With nine papers examining a distinct body of archaeological data, Ungendering Civilization offers a much needed scrutiny of the role of women in the evolution of states.
Studying societies including Predynastic Egypt, Minoan Crete, ancient Zimbabwe and the Maya - to determine what the facts actually show, the contributors critically address traditional views of male and female roles, and argue for the possibility that the root historical cause of gender subordination is participation in modern world system, rather than 'innate' tendencies to domesticity and child-rearing in women, and leadership and aggression in men.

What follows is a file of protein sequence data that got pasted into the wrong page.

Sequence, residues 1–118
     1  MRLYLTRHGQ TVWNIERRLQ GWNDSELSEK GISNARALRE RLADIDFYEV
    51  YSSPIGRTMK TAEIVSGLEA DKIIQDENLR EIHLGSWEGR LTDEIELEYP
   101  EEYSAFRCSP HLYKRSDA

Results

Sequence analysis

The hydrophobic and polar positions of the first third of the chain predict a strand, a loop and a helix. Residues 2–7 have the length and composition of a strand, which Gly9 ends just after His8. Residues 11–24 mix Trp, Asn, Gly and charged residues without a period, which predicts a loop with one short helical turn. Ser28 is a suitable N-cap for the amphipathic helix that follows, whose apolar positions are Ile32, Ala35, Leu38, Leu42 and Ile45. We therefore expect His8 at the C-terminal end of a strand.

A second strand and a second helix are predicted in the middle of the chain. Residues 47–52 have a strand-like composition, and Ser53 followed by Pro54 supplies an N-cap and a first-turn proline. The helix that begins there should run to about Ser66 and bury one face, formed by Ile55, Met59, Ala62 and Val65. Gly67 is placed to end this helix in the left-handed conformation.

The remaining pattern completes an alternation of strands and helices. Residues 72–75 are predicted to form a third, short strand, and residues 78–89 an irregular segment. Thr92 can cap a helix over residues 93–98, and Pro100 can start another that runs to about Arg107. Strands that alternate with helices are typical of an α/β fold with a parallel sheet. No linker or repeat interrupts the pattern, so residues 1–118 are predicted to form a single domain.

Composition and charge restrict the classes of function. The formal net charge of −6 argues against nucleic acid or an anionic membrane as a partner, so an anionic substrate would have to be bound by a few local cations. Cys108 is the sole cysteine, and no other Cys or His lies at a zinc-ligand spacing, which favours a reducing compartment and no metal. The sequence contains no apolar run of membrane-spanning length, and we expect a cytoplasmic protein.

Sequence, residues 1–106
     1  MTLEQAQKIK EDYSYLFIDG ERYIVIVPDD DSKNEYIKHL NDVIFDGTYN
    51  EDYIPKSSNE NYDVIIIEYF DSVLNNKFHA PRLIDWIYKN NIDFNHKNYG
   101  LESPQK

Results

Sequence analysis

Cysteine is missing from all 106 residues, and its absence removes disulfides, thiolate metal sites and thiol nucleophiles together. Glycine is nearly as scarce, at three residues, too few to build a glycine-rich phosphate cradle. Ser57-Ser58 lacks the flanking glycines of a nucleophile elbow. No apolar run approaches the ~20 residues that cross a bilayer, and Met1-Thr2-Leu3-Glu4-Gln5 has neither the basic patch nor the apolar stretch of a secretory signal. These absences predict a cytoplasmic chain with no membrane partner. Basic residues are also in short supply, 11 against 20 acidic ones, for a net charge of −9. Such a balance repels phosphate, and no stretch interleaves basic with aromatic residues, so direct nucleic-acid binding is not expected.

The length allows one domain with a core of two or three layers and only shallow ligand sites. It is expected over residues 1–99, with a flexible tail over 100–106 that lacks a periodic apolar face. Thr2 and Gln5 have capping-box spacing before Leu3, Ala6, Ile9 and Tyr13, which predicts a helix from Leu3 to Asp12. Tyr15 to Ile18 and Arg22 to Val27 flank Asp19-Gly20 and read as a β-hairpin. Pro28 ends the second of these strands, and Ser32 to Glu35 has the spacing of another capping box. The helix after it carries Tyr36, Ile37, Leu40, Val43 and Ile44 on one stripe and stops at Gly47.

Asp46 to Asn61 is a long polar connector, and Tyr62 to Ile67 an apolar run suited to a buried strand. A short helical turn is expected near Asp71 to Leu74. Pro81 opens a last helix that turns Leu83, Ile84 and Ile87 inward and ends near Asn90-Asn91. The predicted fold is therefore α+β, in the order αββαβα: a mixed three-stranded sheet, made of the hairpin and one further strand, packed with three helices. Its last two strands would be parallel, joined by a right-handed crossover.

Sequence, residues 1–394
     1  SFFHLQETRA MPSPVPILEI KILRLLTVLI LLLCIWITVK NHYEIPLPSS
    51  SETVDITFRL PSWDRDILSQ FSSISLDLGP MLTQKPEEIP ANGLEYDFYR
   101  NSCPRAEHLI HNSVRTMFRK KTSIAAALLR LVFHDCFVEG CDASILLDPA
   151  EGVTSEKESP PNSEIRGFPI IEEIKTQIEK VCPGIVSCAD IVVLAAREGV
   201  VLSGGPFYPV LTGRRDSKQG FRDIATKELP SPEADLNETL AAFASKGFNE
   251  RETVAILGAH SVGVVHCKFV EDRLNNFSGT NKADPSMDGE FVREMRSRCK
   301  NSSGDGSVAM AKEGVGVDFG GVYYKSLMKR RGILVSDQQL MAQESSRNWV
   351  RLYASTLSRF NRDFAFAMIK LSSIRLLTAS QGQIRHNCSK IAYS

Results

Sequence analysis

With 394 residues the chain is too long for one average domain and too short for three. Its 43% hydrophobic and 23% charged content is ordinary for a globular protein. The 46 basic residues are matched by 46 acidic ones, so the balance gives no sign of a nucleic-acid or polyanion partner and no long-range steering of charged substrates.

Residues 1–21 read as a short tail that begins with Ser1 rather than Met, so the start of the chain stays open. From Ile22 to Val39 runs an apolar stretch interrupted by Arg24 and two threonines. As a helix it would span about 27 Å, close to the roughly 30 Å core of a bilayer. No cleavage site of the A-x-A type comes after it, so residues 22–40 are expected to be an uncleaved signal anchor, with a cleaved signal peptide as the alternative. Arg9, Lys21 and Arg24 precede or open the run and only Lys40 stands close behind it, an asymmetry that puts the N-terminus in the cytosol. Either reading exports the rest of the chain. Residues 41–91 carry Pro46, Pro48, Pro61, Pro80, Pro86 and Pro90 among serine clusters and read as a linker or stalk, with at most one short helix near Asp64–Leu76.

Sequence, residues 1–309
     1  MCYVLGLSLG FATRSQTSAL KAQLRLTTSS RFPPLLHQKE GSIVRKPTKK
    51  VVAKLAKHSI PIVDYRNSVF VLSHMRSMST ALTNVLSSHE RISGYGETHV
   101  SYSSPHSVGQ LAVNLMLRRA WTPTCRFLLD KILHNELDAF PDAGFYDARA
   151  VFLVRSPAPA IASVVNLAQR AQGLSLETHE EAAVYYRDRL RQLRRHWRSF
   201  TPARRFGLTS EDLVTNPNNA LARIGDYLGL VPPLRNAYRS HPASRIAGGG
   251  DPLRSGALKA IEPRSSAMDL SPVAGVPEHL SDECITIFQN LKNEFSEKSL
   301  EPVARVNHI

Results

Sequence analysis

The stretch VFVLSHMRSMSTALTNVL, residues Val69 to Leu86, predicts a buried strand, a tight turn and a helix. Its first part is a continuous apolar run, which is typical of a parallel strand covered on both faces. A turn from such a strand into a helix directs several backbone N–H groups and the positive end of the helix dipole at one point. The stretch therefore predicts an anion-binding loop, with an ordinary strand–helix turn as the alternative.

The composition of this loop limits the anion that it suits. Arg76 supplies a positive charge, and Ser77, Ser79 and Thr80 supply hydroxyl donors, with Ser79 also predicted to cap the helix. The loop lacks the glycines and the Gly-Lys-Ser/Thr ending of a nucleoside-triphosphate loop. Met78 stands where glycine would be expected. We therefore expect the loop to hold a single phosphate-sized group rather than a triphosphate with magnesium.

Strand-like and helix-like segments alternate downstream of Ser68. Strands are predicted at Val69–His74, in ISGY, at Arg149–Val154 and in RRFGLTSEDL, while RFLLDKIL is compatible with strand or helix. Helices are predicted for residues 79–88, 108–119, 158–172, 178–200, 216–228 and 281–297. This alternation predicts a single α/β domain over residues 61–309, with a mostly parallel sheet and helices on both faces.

With an interdisciplinary potential, students of archaeology, cultural studies and gender studies will find this full of useful information.
"Contemporary archaeologists should use this excellent volume as an example of the direction archaeology should go to maintain its relevancy to existing societies." - Joe Watkins, University of New Mexico, Journal of Anthropological Research